On family dinners

I hate to admit it, but we rarely eat together as a family. And not because we’re running the kids to soccer and dance and violin after school and don’t have time to sit down and have a proper meal, but because we’ve never made it a priority. Most nights the kids (they’re four and six) eat at their own little table in front of the TV while the Hubs and I steal a few moments to talk about our day or prepare dinner for ourselves. Sometimes I’ll make him something or he’ll have the kids’ leftovers if there are any, but he’s just as happy to make a sandwich or pour himself a bowl of cereal, while I forgo most carbs (‘tho I do try the carb-tastic treats I make here) to load up on veggies and protein.

When we do eat together (holidays and special occasions, when family visits), it usually seems like a momentous effort to put something on the table that everyone will like, nevermind get the kids to sit up and not talk with their mouths full or pick up their napkins from the floor for the seventeenth time, which they don’t seem to do when they’re eating at their table with The Doodlebops or Busy Town or whatever’s new on Netflix that week. It’s a battle I haven’t had the ability or the energy to fight, so we’ve taken the easy way out. And sometimes (some years!) it’s all you can do.

But we know it has to change. Mealtime is a huge opportunity to connect and learn from each other and we’re missing out. Plus the kids are getting too big for their table and we’re not about to buy another one.

We’ve dipped our toes into the water (or the soup, as it were), with dinners together a few Saturday nights in a row. One day the kids helped make pizza and we cleared all of the junk off the dining room table and sat down together. The next Saturday it was French toast and scrambled eggs. Both times we lit a candle to make it extra special, and my daughter (she’s the six-year-old) said we should do this every Saturday night.

For Easter my son helped me set the table while his sister peeled potatoes, then we all clinked our glasses in celebration and shared the meal, and talked and laughed and agreed everything was delicious. My daughter had to be reminded not to talk with her mouth full and my son pushed his food around for a while before trying it, but the anxiety I felt beforehand amounted (as usual) to nothing.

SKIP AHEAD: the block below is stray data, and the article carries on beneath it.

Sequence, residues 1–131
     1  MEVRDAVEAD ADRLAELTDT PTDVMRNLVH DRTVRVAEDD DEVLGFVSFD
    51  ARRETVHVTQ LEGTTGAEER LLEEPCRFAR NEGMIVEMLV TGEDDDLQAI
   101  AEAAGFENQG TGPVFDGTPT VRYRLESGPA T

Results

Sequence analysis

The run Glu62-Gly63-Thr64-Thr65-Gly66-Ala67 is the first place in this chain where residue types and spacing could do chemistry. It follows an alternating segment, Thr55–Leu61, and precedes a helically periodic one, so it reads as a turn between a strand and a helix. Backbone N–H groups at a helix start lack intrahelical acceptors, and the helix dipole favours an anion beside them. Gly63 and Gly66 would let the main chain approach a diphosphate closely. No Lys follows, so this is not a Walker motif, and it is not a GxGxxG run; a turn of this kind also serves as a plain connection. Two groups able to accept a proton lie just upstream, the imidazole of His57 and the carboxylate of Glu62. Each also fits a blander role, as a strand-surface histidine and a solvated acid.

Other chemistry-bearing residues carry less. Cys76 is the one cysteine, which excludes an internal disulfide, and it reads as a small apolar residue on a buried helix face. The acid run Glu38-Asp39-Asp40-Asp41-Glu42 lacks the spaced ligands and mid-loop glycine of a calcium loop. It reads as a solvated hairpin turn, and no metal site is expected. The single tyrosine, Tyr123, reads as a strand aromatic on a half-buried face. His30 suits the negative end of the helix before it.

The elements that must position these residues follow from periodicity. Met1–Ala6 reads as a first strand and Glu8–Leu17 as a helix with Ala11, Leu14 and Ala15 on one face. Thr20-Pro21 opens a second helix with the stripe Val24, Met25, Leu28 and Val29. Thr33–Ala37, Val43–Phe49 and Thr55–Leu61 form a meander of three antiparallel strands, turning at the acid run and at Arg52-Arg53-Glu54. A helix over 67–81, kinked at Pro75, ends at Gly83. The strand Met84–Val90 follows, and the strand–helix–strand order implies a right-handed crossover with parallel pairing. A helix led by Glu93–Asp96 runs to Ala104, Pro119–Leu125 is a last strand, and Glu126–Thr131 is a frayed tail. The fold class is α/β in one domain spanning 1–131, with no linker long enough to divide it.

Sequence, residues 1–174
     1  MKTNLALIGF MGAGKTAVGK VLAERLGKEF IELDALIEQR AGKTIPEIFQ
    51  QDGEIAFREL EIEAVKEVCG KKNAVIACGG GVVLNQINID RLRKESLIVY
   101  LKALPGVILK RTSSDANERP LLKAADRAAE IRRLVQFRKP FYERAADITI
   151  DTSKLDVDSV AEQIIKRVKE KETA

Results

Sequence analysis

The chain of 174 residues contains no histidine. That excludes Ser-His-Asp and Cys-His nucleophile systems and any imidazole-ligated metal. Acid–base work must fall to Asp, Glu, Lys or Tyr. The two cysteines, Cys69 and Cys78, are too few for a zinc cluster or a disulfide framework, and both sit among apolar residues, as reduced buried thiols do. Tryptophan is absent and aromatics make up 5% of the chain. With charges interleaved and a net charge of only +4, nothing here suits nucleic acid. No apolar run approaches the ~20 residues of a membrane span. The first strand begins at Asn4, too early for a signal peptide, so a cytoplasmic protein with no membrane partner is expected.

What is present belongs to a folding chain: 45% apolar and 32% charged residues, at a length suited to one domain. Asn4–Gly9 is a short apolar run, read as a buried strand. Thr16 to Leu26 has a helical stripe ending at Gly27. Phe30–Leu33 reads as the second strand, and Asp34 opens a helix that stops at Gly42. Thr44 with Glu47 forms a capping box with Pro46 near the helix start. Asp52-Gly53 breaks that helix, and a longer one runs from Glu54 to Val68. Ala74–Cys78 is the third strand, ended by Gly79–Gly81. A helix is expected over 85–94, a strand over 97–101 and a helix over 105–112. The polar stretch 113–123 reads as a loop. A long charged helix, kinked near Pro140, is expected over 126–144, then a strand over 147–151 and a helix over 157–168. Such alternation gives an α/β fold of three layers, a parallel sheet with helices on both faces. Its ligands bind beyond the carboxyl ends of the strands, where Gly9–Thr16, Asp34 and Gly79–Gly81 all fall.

I know mealtimes won’t always go so smoothly, but I’m willing to try. Cue How to Feed a Family: The Sweet Potato Chronicles Cookbook, “a collection of more than 100 simple, healthy recipes, plus essential notes on nutrition and life-saving parenting strategies perfect for busy families.” Although I picked it up earlier this year and have flipped through its gorgeous pages many times, I haven’t cooked from it until today. I wanted to hit a home run with a healthy recipe everyone would enjoy. We might not make it to the big table (baby steps, people) but at least we’d eat the same thing. The winning choice: these mini meatloaves.

meatloaf wide shot

They’re made with ground turkey, which we use a lot in our house, plus some diced veggies, oats, a little cheese and a ketchup-worcestershire sauce on top.

meatloaf close up

My son had a bite and then sized up his plate and complained that his sister had more, and my daughter said they were delicious and asked if I could make them again.

They were gone before the Hubs had a chance to try them but he’s pretty easy so I’m sure he’d like them. I’d feel a little more at ease if the recipe had also listed the nutritional info (i.e. the calories) but they’re full of delicious goodness so I don’t feel bad about the two I had.

One for the win column. And another try tomorrow.

Do you eat together as a family? If so, what are your tips for helping mealtimes go smoothly? What recipes does your family love?

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